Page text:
Thucydides and Herodotus discuss many different causes of conflicts among individuals and nations. Three are the gods, human actions, and human ideas.
Herodotus, like Homer, often shows the gods as a factor contributing to human conflicts, but Thucydides does not.
Another major cause of war is self-defense. When you are attacked, you will go to war to defend yourself (e.g. Greeks defending themselves against Persians).
In Thucydides, a major cause of the Peloponnesian wars was Sparta's fear of Athenian power. Thus fear is another cause of war.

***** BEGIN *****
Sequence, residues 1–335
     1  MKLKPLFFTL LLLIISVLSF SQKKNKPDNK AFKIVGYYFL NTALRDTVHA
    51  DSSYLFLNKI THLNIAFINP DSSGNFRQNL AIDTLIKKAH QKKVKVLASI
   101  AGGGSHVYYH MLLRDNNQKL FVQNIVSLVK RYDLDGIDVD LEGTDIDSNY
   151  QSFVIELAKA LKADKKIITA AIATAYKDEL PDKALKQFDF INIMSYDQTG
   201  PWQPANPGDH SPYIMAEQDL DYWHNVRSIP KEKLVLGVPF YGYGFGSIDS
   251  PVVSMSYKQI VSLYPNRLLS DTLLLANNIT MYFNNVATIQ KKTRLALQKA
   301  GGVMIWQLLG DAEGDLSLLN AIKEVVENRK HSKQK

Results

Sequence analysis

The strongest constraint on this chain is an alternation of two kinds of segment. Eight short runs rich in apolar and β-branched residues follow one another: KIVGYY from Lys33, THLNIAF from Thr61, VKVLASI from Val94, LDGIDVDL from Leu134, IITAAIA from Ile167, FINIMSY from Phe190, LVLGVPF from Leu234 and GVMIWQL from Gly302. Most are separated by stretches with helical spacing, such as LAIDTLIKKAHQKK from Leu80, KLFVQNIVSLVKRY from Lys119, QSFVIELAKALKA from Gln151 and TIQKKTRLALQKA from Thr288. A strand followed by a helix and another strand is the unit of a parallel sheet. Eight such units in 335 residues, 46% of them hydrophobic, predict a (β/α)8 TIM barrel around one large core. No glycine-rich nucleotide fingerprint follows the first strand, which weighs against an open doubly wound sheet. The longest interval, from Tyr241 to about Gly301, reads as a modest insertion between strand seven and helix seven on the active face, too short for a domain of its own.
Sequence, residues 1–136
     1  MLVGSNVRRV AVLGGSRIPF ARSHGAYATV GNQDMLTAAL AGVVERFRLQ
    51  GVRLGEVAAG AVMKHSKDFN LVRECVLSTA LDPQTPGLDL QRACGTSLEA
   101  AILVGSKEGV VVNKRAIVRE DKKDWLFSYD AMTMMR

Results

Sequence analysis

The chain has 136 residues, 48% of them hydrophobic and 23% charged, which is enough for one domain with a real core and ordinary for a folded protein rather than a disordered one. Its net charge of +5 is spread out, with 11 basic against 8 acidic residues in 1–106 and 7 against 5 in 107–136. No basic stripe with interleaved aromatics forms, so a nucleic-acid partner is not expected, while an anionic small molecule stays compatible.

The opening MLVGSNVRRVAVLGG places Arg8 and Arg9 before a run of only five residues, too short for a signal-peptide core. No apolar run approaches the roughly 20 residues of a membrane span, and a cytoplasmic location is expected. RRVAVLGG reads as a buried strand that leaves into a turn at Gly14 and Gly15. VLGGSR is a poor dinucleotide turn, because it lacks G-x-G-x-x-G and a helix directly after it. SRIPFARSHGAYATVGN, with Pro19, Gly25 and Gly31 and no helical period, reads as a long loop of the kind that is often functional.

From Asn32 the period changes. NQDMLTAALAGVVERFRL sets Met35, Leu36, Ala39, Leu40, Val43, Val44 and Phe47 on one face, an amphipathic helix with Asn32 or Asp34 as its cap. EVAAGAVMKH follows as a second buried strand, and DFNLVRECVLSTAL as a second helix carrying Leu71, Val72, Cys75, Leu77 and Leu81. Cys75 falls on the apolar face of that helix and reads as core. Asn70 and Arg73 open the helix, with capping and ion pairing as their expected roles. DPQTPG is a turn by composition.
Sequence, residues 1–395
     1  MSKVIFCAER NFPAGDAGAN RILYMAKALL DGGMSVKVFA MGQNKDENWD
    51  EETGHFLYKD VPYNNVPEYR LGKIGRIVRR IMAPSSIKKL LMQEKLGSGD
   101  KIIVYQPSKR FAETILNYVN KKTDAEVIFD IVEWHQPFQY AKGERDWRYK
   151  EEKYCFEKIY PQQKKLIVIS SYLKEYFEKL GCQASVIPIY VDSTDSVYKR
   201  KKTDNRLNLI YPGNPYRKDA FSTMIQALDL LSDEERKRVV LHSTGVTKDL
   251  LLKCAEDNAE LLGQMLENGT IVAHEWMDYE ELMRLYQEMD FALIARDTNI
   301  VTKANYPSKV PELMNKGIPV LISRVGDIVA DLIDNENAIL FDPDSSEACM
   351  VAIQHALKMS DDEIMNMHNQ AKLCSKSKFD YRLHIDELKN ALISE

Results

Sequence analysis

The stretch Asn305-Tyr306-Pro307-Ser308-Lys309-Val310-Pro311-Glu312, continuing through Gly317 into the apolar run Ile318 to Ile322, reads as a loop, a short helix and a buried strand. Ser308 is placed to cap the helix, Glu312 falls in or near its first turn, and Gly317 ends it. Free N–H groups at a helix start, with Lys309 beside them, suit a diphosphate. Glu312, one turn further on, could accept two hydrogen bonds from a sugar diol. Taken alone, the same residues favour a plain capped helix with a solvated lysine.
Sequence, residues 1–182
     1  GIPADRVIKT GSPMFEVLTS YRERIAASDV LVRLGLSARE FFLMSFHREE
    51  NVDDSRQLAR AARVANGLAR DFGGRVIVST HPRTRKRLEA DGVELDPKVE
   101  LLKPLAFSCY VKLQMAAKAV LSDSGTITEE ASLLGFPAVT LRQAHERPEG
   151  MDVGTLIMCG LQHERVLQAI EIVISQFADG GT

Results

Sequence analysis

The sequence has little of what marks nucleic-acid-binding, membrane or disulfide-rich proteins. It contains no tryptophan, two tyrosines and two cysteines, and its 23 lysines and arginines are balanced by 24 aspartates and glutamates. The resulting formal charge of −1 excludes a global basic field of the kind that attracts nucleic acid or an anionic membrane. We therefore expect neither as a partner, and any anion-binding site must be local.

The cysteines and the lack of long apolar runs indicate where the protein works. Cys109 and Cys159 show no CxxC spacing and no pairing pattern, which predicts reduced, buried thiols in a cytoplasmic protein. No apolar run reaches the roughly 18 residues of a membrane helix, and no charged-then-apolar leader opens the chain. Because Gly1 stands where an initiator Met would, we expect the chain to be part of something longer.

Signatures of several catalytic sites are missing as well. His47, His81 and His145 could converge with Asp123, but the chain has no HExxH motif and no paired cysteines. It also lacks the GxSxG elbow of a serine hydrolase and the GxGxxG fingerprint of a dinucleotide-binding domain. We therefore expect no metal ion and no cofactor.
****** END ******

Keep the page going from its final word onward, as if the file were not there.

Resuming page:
In the Melian debate, Cleon argues that Athens needs to deal harshly with Melos to prevent allies from rebelling; thus conflicts can be caused from the desire to send a message to a third party.
Injustice and arrogance can cause conflict. Athens' high-handed behaviour in the Delian league, according to Thucydides, was another cause of the Peloponnesian wars.